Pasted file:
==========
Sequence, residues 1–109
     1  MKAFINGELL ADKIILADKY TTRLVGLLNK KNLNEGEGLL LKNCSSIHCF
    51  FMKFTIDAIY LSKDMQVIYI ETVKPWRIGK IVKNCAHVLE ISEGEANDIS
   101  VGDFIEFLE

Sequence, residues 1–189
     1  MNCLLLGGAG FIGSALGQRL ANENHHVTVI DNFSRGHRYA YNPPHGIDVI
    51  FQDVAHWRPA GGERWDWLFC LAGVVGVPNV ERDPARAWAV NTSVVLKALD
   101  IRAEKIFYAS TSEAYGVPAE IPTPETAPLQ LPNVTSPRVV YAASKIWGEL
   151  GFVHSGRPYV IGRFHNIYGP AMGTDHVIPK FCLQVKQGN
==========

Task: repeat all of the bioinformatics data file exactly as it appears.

Sequence, residues 1–109
     1  MKAFINGELL ADKIILADKY TTRLVGLLNK KNLNEGEGLL LKNCSSIHCF
    51  FMKFTIDAIY LSKDMQVIYI ETVKPWRIGK IVKNCAHVLE ISEGEANDIS
   101  VGDFIEFLE

Sequence, residues 1–189
     1  MNCLLLGGAG FIGSALGQRL ANENHHVTVI DNFSRGHRYA YNPPHGIDVI
    51  FQDVAHWRPA GGERWDWLFC LAGVVGVPNV ERDPARAWAV NTSVVLKALD
   101  IRAEKIFYAS TSEAYGVPAE IPTPETAPLQ LPNVTSPRVV YAASKIWGEL
   151  GFVHSGRPYV IGRFHNIYGP AMGTDHVIPK FCLQVKQGN